Details

The British Journal of Forensic Practice, vol. 6 no. 3
Type: Research Article
ISSN: 1463-6646

Keywords

To view the access options for this content please click here
Article
Publication date: 23 April 2019

Gemma Forshaw, Rachel Sabin-Farrell and Thomas Schröder

The purpose of this paper is to systematically identify, appraise and synthesise qualitative literature exploring the experience, both positive and negative, of clinical

Abstract

Purpose

The purpose of this paper is to systematically identify, appraise and synthesise qualitative literature exploring the experience, both positive and negative, of clinical supervision from the supervisor’s perspective.

Design/methodology/approach

A systematic search of three databases, grey literature, reference lists and citations was conducted. Six articles met the inclusion criteria and their quality was critically appraised by using a modified version of the Critical Appraisal Skills Programme tool. Data extracted from the articles were synthesised using meta-ethnography.

Findings

Four key themes were identified: experiencing difficulties in clinical supervision, responsibility, similarities to therapy and capabilities as a supervisor. These demonstrated that the role of a supervisor has the potential to be both beneficial and harmful to personal and professional development.

Research limitations/implications

The quality of the studies was variable. Further research is required to explore how supervisors manage difficult experiences to ensure personal development and growth.

Practical implications

Clinical implications include the need for employers to consider the additional pressure associated with providing clinical supervision and to ensure that appropriate support is available. Results complement previous research on the bi-directionality of parallel process in clinical supervision.

Originality/value

This review presents an original synthesis of the supervisor’s experience of delivering clinical supervision to qualified therapists. This is achieved by utilising a systematic methodology and appraising the quality of the studies included. The review highlights how the effects of clinical supervision are not limited to the supervisee, but also experienced by the supervisor. The competing demands and responsibilities associated with clinical supervision impact upon the supervisor’s experience, both positively and negatively. When beneficial, delivering clinical supervision can lead to personal and professional growth in addition to the acquisition of new skills.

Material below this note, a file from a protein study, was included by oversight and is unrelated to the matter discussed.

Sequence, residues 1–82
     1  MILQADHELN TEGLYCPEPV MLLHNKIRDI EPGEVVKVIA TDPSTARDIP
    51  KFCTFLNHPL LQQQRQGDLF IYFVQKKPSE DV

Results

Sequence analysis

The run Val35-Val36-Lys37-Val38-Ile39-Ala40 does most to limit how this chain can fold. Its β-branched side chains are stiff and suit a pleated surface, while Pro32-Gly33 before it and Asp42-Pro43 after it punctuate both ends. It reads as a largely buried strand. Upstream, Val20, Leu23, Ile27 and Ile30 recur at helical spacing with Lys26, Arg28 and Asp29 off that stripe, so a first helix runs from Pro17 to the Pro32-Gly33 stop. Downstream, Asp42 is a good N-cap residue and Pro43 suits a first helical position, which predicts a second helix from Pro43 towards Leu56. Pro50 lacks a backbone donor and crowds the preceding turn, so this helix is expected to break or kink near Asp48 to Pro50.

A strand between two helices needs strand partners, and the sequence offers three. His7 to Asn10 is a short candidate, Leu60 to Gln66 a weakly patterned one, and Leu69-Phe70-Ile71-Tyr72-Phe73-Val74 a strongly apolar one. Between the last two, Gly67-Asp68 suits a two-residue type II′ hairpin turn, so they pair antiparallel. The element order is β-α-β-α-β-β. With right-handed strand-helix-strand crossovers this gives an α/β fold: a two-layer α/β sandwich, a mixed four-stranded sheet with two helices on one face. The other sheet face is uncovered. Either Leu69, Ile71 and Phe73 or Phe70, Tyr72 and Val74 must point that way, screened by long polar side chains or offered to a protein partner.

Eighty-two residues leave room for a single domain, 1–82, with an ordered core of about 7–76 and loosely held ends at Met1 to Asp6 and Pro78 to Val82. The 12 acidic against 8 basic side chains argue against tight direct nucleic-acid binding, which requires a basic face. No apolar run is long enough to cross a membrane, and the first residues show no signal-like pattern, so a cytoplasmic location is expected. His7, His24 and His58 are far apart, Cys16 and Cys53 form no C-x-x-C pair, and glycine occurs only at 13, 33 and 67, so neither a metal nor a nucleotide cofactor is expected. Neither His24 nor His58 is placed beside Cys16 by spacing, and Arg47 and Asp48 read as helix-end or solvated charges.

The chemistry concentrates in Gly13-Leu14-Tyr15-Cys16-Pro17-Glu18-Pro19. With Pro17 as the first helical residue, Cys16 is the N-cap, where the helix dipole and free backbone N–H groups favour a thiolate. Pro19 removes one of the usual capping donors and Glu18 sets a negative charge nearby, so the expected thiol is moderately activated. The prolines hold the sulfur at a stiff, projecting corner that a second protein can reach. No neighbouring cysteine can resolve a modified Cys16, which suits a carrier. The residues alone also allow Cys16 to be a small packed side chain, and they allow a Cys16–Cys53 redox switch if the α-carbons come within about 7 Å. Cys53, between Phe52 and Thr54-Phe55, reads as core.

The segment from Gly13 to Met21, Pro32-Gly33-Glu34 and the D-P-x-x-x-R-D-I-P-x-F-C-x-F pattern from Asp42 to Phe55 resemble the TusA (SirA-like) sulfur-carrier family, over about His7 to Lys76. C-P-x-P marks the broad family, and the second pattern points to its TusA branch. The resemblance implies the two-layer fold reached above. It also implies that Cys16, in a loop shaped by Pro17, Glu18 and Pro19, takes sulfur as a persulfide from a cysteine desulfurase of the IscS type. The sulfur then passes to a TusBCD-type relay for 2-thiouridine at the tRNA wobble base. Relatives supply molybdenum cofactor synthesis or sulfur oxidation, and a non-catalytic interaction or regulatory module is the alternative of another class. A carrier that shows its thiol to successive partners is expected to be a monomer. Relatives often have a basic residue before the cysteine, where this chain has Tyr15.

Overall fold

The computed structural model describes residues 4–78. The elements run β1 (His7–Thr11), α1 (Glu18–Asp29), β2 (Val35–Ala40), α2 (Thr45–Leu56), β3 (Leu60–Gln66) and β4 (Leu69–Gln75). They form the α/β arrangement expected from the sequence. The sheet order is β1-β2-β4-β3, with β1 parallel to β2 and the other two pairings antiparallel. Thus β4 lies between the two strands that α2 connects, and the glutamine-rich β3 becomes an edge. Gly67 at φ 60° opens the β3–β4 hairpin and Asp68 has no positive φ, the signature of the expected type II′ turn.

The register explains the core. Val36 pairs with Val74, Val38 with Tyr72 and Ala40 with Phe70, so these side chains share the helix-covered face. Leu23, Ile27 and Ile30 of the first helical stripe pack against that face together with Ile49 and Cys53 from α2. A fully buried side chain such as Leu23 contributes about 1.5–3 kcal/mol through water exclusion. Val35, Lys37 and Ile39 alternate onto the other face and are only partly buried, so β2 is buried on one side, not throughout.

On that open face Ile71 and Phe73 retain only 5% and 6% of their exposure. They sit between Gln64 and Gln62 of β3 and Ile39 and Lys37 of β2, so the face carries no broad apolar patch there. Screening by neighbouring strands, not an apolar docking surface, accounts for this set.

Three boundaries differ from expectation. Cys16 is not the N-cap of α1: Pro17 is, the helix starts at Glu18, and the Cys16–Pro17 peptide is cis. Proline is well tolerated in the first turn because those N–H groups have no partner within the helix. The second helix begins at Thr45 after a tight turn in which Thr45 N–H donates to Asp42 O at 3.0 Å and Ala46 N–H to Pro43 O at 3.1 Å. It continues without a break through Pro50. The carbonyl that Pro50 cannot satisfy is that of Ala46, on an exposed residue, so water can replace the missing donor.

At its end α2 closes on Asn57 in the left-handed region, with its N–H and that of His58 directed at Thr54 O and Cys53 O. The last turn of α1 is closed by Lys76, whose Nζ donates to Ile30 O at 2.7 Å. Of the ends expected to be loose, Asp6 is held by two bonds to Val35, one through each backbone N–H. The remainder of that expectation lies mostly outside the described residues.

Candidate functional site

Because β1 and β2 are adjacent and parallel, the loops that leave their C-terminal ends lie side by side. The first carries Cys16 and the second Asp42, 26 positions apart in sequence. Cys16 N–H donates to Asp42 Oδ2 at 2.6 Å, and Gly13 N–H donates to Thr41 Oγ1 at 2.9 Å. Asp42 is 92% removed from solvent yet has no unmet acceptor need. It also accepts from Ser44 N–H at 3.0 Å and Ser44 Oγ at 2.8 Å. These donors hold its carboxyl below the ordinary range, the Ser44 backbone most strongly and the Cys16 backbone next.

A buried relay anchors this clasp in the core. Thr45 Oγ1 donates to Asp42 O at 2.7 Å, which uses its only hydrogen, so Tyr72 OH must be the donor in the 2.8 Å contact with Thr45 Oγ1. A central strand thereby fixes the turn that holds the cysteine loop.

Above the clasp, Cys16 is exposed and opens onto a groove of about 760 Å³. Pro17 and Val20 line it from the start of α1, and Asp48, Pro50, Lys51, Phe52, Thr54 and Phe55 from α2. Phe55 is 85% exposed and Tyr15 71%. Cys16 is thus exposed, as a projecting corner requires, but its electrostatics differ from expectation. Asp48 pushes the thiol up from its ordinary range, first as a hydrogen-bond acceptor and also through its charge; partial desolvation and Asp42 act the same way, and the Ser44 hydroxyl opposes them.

Details

Mental Health Review Journal, vol. 24 no. 1
Type: Research Article
ISSN: 1361-9322

Keywords

To view the access options for this content please click here
Article
Publication date: 1 January 1983

GEOFFREY B. ISHERWOOD

The purpose of this study was to describe effective clinical supervisory behavior as perceived by school principals and to contrast the findings with other current studies…

Abstract

The purpose of this study was to describe effective clinical supervisory behavior as perceived by school principals and to contrast the findings with other current studies of clinical supervision. Three aspects of a principal's supervisory behavior were studied, the verbal behavior used by the principal with the teacher in post‐observation lesson analysis sessions, the basis of authority the principal had over the teachers, and the frequency of clinical supervisory behavior. Sixty‐five principals completed a Q‐sort that described eight different supervisors and rated them from most to least effective. Only the principal's supervisory verbal behavior was perceived as related to the perception of effective clinical supervision.

Details

Journal of Educational Administration, vol. 21 no. 1
Type: Research Article
ISSN: 0957-8234

To view the access options for this content please click here
Article
Publication date: 9 September 2013

Clare Whitton, Rachel Collinson and Thomas Adams

The purpose of this paper is to conduct a preliminary evaluation of psychological-based supervision and consultation provided by a clinical psychologist to nursing staff…

Abstract

Purpose

The purpose of this paper is to conduct a preliminary evaluation of psychological-based supervision and consultation provided by a clinical psychologist to nursing staff working in a low-secure Learning Disability Forensic Service.

Design/methodology/approach

A questionnaire was completed by 22 staff members, to gather information about their experiences of receiving this service and its impact on the motivation, stress and the care they provide for patients within the service.

Findings

The most common reasons for staff to attend were to discuss patient issues (n=10), needing space to reflect (n=10) and wanting to discuss service issues (n=9). Staff found these sessions to be supportive (n=13), useful (n=11), helpful (n=11) and informative (n=11). A majority of staff reported an increase in positive interactions (60 per cent, n=9) and in motivation (60 per cent, n=9) and a reduction in stress (43.7 per cent, n=7). Of staff answering the question 87.5 per cent (n=16) would recommend these sessions to others.

Practical implications

The findings suggest that staff benefitted from having this opportunity to discuss patient and service issues and that this had a positive impact on their role and the care they provide.

Originality/value

Therefore, the paper suggests that by offering psychological supervision and consultation will provide support to nurses working in Learning Disability Forensic Service, increase motivation and reduce stress. These findings could also be used by management in service development, for example to reduce staff sickness and subsequently reduce costs within the service.

Details

Journal of Intellectual Disabilities and Offending Behaviour, vol. 4 no. 3/4
Type: Research Article
ISSN: 2050-8824

Keywords

To view the access options for this content please click here
Article
Publication date: 1 July 2003

Keith Hurst

This article explores professional self‐regulation in the context of clinical governance. It begins by explaining clinical governance’s origins before setting out a…

Downloads
1741

Abstract